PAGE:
Morrissey played his first gig in Manchester since 2012 last month, declaring himself the “new Lord Mayor of Manchester” in the process. It was a triumphant homecoming, and got us thinking about Moz’s greatest live moments. Here are some of his most famous UK performances for you to drool over. Enjoy.
Wolverhampton Civic Hall, December 22, 1988
Aged 29 and having recently released his debut solo album ‘Viva Hate’, Morrissey made his first solo live appearance. Or did he? Moz had called up his old muckers Andy Rourke, Mike Joyce and Johnny Marr – reportedly 365 days after he’d last performed with them – and invited them to this raucous set of Smiths hits and new solo favourites such as ‘Suedehead’.
Fans wearing Smiths or Morrissey T-shirts were admitted for free – a neat acknowledgement that the Pope of Mope was transitioning from frontman to solo singer. Still, Marr declined the opportunity and so the band made do with sometimes Smiths guitarist Craig Gannon, a bit of a booby prize. Perhaps Moz was ruminating on that as they played ‘Disappointed’.
Talking point: The Smiths were suing Morrissey for unpaid royalties at the time of the performance. You’d think that would make things awkward, but, said Joyce, “it wasn’t mentioned”.
London Battersea Power Station, December 13, 1997
It’s often suggested that Morrissey veered off course a bit in the late ’90s and debate continues as to whether the 1997 album Maladjusted deserves its reputation as a career misstep or is simply underrated. He was certainly on form at this stripped-back London gig in support of that record, however. Concluding with ‘Sorrow Will Come In The End’, he extended his hand to be kissed by members of the front row, who also led a stage invasion – surely one of the only times such a melancholy song has inspired such raucous behaviour.
Talking point: The backdrop at the drafty Battersea Power Station was simple but memorable, with just a still from the 1958 film ln In Love and War, a heroically camp image of two young men posing cheekily in a swimming pool.
London Royal Albert Hall, September 19, 2002
If the ‘90s were something of a wilderness for Morrissey, the early ‘00s saw his glorious return. Moz was on regal form as he swaggered through a set that consisted of Smiths tunes, a smattering of ‘Viva Hate’ tracks, a few B-sides and some then-brand new songs that would later appear on 2004’s ‘You Are the Quarry’. After an encore rendition of ‘There Is A Light That Never Goes Out’, Morrissey – still loving flamboyant threads – returned to the stage in a jazzy pink shirt, which he tore off and threw into the crowd. He strutted off to Frank Sinatra’s ‘My Way’, because which song better sums up Morrissey?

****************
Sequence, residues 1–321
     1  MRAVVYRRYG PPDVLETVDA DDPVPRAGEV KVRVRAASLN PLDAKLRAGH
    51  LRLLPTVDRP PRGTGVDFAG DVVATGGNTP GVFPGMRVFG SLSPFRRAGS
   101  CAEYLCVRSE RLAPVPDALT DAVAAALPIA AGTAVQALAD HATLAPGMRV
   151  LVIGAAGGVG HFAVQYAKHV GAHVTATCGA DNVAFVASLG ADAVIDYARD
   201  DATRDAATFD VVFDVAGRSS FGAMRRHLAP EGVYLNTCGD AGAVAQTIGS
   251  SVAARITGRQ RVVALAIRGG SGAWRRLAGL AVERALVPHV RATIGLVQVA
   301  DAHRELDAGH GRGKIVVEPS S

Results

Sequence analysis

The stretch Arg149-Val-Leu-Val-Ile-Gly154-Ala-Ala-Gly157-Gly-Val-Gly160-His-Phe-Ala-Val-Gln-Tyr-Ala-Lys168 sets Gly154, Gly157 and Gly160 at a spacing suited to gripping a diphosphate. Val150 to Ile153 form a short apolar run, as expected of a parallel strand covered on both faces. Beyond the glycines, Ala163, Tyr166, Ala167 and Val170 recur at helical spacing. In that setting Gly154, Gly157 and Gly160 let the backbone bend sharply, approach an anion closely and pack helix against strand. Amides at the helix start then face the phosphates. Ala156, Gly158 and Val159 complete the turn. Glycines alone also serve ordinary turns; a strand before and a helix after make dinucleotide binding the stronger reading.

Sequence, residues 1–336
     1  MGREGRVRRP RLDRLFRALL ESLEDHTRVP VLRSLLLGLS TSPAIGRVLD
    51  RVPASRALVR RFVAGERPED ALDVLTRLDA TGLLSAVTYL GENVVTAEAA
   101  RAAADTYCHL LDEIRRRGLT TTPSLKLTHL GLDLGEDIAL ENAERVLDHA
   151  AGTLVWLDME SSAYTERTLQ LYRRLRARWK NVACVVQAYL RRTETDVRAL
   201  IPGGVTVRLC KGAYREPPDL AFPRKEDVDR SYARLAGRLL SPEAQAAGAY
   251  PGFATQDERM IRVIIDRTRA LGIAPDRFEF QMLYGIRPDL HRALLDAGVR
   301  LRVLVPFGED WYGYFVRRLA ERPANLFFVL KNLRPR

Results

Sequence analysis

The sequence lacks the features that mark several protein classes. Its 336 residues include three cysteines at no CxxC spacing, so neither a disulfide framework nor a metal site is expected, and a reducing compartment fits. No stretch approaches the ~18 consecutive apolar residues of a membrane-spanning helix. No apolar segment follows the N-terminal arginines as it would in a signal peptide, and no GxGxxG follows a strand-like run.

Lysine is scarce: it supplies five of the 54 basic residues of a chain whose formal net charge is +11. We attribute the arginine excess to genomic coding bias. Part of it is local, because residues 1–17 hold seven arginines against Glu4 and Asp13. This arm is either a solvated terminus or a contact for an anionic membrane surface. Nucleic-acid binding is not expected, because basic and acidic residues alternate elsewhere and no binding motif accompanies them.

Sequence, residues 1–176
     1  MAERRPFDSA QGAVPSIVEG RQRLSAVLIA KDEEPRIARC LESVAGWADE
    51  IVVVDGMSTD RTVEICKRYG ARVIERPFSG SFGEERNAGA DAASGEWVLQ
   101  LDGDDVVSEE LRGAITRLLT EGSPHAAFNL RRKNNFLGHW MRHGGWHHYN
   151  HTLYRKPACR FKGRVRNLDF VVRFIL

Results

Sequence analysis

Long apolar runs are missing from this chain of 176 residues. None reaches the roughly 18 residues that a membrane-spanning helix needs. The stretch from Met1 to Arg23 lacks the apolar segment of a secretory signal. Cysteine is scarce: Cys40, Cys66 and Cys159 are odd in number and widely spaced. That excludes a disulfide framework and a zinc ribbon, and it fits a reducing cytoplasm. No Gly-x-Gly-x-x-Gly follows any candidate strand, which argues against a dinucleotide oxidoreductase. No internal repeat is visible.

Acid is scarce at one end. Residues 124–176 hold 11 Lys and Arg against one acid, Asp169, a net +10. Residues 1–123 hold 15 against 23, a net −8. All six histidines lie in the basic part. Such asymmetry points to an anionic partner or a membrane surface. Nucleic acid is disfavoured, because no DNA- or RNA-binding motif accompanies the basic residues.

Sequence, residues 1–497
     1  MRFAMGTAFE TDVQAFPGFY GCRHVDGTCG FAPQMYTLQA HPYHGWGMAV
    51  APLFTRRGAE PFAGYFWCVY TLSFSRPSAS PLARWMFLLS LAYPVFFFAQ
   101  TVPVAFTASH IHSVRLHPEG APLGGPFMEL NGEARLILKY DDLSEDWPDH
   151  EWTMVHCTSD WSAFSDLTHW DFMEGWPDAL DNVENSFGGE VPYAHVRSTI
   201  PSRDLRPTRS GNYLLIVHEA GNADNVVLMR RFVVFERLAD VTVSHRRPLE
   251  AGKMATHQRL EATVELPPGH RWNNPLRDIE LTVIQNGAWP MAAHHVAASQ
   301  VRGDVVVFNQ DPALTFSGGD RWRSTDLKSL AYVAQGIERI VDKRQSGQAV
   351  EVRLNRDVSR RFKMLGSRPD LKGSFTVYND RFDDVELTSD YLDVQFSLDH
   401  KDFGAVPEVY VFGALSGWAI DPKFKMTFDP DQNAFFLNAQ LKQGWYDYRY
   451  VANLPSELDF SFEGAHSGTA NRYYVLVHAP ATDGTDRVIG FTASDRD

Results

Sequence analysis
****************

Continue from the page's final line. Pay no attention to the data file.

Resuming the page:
Talking point: Indecisive former politico Russell Brand – should you vote or not? – has called this his favourite gig ever, though he might have changed his mind by now.
Manchester MEN Arena, May 22, 2004
The show that became Who Put the M in Manchester?, a live DVD you could buy from HMV. Morrissey strolled onstage to ‘My Way’, greeted by a 15,000-strong crowd who’d snapped up tickets in under an hour. He’d recently released ‘You Are The Quarry’, his first album since 1997, and was back in the Top 10, thanks to ‘Irish Blood English Heart’.
Talking point: The crowd sang happy birthday (at his prompting, of course) to the 45-year-old and he purred: “I can’t believe I’m 29. Where did the years go? Why did the years go?”
Glastonbury Festival Pyramid Stage, June 24, 2011
Although the crowd was a tad sparse (perhaps because Radiohead were concurrently playing a not-so-secret set and had tempted away up a large portion of Mozza’s potential audience), Morrissey was totally at ease on the Pyramid Stage, loafing about as if he were in his own living room. The career-spanning set also included then-new songs ‘People Are The Same Everywhere’ and ‘Action Is My Middle Name’, with the singer on typically self-deprecating form: “I’ll sing as fast as I can, I know you’re waiting for U2,” he said, referring to the festival headliners. No, Morrissey, we’re always here for you – even if the labels aren’t…
Talking point: In addition to U2 – or the crowd – he had a pop at arch-nemesis David Cameron. Referring to the passing of a recent bill that banned wild animals being used in circuses, he quipped: “David Cameron tried to stop it being passed – what a silly twit!” Never change, Moz.